Longevity breakthroughs make gov pensions even more of a gold mine

Longevity breakthroughs make gov pensions even more of a gold mine

LifeExpectancyOn Sunday the Drudge Report sent Twitter abuzz with the report of a hugely significant breakthrough on aging and longevity:

“It may seem the stuff of gothic horror novels, but transfusions of young blood could reverse the ageing process and even cure Alzheimer’s Disease, scientists believe. …

“Now scientists have found that young blood actually ‘recharges’ the brain, forms new blood vessels and improves memory and learning.

“In parallel research, scientists at Harvard University also discovered that a ‘youth protein’ which circulates in the blood is responsible for keeping the brain and muscles young and strong.”

We can expect to see a Manhattan Project-sized push to be able to make synthetic enriched blood in coming years.

When a lifetime pension means 50 years on the dole

elysium_safepassage_thumb_374x222It may seem strange to see such stories and consider them through the prism of public policy disputes. The wonk in me can’t help it. What about the implications of lifetime pensions if the average CalPERS pensioner lives to 100 or more?  I wrote about this for Cal Watchdog last September:

“Having a defined-benefit government pension when you live on average until you are 81 or 85 is already an immensely lucrative and reassuring fact of life for public employees. But having such a pension when you live until 100 is a gilded gift, one that makes past complaints about government employees being a special protected class seem simply inadequate.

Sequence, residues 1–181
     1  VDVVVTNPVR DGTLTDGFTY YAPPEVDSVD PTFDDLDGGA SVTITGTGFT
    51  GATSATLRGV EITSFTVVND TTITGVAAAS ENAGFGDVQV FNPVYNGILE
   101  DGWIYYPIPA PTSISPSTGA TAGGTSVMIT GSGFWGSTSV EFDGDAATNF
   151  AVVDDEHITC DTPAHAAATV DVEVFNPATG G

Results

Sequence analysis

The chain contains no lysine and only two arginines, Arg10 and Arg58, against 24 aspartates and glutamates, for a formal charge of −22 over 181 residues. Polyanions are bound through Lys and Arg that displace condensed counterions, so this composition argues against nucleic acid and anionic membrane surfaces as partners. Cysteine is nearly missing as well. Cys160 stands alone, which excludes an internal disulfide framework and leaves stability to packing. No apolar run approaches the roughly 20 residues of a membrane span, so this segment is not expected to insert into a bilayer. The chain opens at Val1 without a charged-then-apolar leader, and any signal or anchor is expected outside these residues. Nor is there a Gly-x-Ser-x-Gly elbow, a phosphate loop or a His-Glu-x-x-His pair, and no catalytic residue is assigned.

“Barring a change in benefits or a dramatic increase in the minimum retirement age, public employees would enjoy an advantage so pronounced that it would be somewhat akin to that owned by the privileged elite who live in a satellite colony rotating around a decaying Earth in the science-fiction film ‘Elysium.'”

If we really did have giant life-expectancy gains, or course that would have a million effects beyond government pensions. But if that means we have a society with a life expectancy of 100 in which Social Security and Medicare are supposed to provide enough sustenance to people over 67 so they don’t have to work, then …

“… it is impossible to conceive of a federal budget in anything even vaguely resembling its present form.

“The main hope of averting fiscal disaster then might be what economics writer Matt Yglesias and some futurists call the emergence of a ‘post-scarcity’ world — one in which combinations of technology have sharply reduced the cost of material goods.

“But if praying for a ‘post-scarcity’ world is the best that most private-sector workers can do in contemplating how they’ll fare in a California with life expectancy of 100, that’s a striking contrast to the outlook of government workers. They can look forward to three or four decades of retired life at 75 percent to 90 percent of their final pay. The rest of us? We can pray our reverse mortgages prop up our lifestyles for a while before we’re forced to mooch off our children or to move into a new urban phenomenon: slums for the elderly.”

This is a wildly exciting time to be alive, all belly-aching about pensions aside. If there is a “post-scarcity” world, California is likely to come up with many of the key tools as biotech, computer sciences and nanotech intersect to produce a science-fiction-feeling 21st century.

Count on Jerry Brown taking the credit.

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